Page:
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How Will Republicans Take Advantage of Bingaman’s Retirement?

New Mexico’s Jeff Bingaman announced his retirement Friday, making him the fourth member of the Senate Democratic caucus to have done so since the start of the year.

Since Mr. Bingaman was a popular figure and would have been heavily favored to win re-election, this news is almost pure downside for Democrats. While the obvious question will be whether Republicans are poised to take advantage of this event, perhaps the more relevant question — since it’s much too soon to have a sense for what the overall political environment will look like next November — is how New Mexico compares to the rest of the country.

New Mexico, after voting for Al Gore in 2000 but George W. Bush in 2004, gave Barack Obama 57 percent of the vote in 2008. Indeed, over the course of the last ten presidential elections, New Mexico has grown somewhat more Democratic, going from what I call a “maroon” state (somewhere between red and purple) to an “indigo” state (somewhere between purple and blue):

That is not to suggest that New Mexico is no longer a competitive state; it is one where Democrats could lose in a bad election cycle or with an inferior candidate. Democrats received something of a split decision there in 2010, a strong Republican year nationally: Democrats held on to two of the three U.S. House seats in the state and won 51.6 percent of the vote for the Congress statewide, while also retaining control of both chambers of the state legislature. But Republican Susana Martinez won the gubernatorial election by roughly 7 points. In an environment that resembled 2010, the race for Mr. Bingaman’s senate seat would be a toss-up.

If the environment is more neutral in 2012 — somewhere between where it was in 2010 and 2008 (when Democrat Tom Udall won his U.S. Senate race by 24 points) — Republicans would be within striking distance, but would probably need to run the better candidate or the better campaign.

The most intriguing Republican name is that of their former governor, the strongly libertarian-leaning Gary Johnson. A recent survey by Public Policy Polling found that Mr. Johnson remained reasonably popular and ran even with or slightly ahead of potential Democratic candidates. The questions are to whether Mr. Johnson would be interested in the seat, since he may run what is likely to be a fairly quixotic campaign for the Republican presidential nomination instead, and if he were to run, whether he would win his primary.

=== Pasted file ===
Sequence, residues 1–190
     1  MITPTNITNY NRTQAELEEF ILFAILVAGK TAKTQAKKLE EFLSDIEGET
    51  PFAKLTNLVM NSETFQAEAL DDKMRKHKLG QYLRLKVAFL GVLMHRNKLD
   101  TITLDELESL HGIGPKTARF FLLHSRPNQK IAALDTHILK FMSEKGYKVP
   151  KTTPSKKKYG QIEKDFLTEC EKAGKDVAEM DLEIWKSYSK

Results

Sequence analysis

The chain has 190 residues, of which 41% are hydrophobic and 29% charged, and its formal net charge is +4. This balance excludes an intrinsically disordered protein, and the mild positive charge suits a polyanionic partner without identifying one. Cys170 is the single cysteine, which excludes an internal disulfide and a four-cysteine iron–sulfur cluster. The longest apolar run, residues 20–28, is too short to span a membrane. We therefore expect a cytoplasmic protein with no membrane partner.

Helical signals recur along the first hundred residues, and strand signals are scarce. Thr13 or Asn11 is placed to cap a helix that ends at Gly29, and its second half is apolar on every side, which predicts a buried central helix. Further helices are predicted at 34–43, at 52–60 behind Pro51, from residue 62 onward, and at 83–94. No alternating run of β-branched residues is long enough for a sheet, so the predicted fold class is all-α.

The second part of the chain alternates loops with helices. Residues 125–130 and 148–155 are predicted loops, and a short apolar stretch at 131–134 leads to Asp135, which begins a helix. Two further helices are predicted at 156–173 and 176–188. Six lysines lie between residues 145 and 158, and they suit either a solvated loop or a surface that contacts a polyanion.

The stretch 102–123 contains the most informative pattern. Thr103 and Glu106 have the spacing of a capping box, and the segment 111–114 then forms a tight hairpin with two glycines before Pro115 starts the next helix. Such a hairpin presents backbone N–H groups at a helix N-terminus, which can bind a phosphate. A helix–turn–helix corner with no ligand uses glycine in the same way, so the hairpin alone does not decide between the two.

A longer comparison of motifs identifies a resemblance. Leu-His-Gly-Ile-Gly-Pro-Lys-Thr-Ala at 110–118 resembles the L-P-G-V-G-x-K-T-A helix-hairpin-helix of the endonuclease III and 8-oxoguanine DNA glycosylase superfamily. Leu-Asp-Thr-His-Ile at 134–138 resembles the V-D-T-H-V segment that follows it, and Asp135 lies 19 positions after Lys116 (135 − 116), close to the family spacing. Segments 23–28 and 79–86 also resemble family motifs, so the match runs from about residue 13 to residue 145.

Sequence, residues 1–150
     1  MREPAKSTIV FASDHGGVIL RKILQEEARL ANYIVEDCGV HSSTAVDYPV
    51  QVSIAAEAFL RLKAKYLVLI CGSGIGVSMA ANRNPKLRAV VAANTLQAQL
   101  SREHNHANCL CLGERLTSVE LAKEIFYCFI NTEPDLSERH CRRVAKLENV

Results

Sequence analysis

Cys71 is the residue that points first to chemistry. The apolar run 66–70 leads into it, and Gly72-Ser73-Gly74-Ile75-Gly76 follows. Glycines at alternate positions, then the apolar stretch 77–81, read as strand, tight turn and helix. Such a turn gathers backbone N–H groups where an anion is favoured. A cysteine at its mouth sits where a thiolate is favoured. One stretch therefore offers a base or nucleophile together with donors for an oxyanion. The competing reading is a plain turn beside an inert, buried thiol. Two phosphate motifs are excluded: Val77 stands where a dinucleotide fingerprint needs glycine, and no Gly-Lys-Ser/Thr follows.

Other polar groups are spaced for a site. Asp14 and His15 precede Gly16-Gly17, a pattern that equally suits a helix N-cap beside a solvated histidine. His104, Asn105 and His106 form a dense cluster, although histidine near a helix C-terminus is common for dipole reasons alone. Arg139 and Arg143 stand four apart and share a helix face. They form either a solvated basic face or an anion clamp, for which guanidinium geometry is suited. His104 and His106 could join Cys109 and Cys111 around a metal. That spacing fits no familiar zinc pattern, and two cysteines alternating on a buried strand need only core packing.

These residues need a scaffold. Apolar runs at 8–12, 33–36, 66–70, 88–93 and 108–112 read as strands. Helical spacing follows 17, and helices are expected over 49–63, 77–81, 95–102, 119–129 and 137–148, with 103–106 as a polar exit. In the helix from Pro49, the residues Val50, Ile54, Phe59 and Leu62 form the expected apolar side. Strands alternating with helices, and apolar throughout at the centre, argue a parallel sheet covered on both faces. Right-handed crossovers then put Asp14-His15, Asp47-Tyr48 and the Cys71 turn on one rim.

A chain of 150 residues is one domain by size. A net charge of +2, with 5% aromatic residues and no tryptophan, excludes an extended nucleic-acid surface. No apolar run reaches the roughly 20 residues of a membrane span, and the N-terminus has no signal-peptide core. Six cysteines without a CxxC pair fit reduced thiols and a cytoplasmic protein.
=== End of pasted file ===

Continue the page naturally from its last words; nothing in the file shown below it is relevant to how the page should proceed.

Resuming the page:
On the plus side for Mr. Johnson, New Mexico’s Republicans selected the more moderate candidate, Ms. Martinez, rather than the more conservative Allen Weh, as their gubernatorial candidate in 2010. And Mr. Johnson’s libertarian positions are consistent in principle — if not necessarily in practice — with those of the Tea Party. Still, the Public Policy Polling survey found that his favorability ratings were only slightly better among New Mexicans who voted for John McCain in 2008 than those who voted for Barack Obama, so the primary would not necessarily play to his strengths.

If Mr. Johnson is not nominated, Republicans will probably wind up with former U.S. Representative Heather Wilson, or current U.S. Representative Steve Pearce, who ran against one another for the party’s Senate nomination in 2008. In recent years, Mr. Pearce has generally gotten results that are no better, and perhaps slightly worse, than what might be expected based on the local and national political environment in the races he was running. Ms. Wilson’s performance has been slightly more encouraging — she narrowly held onto her House seat in 2006, for instance, in an increasingly Democratic-leaning district — but statewide polls suggest she has become somewhat unpopular.

Democrats, likewise, have a number of competent candidates but few standouts: current Representatives Martin Heinrich and Ben Ray Lujan, former Representative Harry Teague, and former Lt. Gov. Diane Denish, who lost to Ms. Martinez in the gubernatorial race last year, are all possibilities.

The one New Mexico Democrat whose name might first spring to mind — former Governor Bill Richardson — is a less likely candidate since his popularity atrophied after accusations surfaced of pay-to-play dealings, which may have prevented him from becoming Secretary of Commerce. In the recent Public Policy Polling survey, just 34 percent of New Mexicans approved of his job performance against 55 percent disapproving.

The Public Policy Polling survey showed two of the Democrats, Mr. Lujan and Mr. Heinrich, running ahead of the Republicans, Ms. Wilson and Mr. Pearce, by margins ranging from 8 points to 15 in hypothetical matchups.

Most of that, at this early stage, simply represents New Mexico’s somewhat Democratic-leaning partisan tilt. Still, as the state has just three congressional districts and as New Mexico has tended to cycle through the same candidates every year, all of these names are relatively familiar to New Mexicans. Candidates like Ms. Wilson and Mr. Pearce would probably need either a political environment comparable to 2010, or a gaffe by the Democratic nominee, to do better than come close.

But Republicans might be looking to gamble on a higher-risk, but potentially higher-reward candidate, whether it ends up being Mr. Johnson or another alternative. Otherwise, New Mexico is a state that could magnify Republican gains if they are having a strong year, but is somewhat unlikely to be a majority-maker for them if they are having an average one.

Nate Silver founded and was the editor in chief of FiveThirtyEight.